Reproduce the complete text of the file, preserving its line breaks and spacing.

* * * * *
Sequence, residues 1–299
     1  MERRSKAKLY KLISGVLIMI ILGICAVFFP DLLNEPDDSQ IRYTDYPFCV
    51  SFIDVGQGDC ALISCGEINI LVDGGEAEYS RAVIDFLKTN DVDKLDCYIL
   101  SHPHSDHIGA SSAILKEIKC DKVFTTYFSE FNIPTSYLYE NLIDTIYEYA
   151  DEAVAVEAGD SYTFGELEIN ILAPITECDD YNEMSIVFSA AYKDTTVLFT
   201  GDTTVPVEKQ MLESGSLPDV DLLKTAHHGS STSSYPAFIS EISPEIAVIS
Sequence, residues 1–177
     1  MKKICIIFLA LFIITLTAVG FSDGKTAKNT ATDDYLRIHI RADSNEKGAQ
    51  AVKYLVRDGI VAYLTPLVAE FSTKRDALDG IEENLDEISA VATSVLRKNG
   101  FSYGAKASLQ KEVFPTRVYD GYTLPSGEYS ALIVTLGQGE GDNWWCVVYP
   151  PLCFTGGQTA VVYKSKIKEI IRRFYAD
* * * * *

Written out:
Sequence, residues 1–299
     1  MERRSKAKLY KLISGVLIMI ILGICAVFFP DLLNEPDDSQ IRYTDYPFCV
    51  SFIDVGQGDC ALISCGEINI LVDGGEAEYS RAVIDFLKTN DVDKLDCYIL
   101  SHPHSDHIGA SSAILKEIKC DKVFTTYFSE FNIPTSYLYE NLIDTIYEYA
   151  DEAVAVEAGD SYTFGELEIN ILAPITECDD YNEMSIVFSA AYKDTTVLFT
   201  GDTTVPVEKQ MLESGSLPDV DLLKTAHHGS STSSYPAFIS EISPEIAVIS
Sequence, residues 1–177
     1  MKKICIIFLA LFIITLTAVG FSDGKTAKNT ATDDYLRIHI RADSNEKGAQ
    51  AVKYLVRDGI VAYLTPLVAE FSTKRDALDG IEENLDEISA VATSVLRKNG
   101  FSYGAKASLQ KEVFPTRVYD GYTLPSGEYS ALIVTLGQGE GDNWWCVVYP
   151  PLCFTGGQTA VVYKSKIKEI IRRFYAD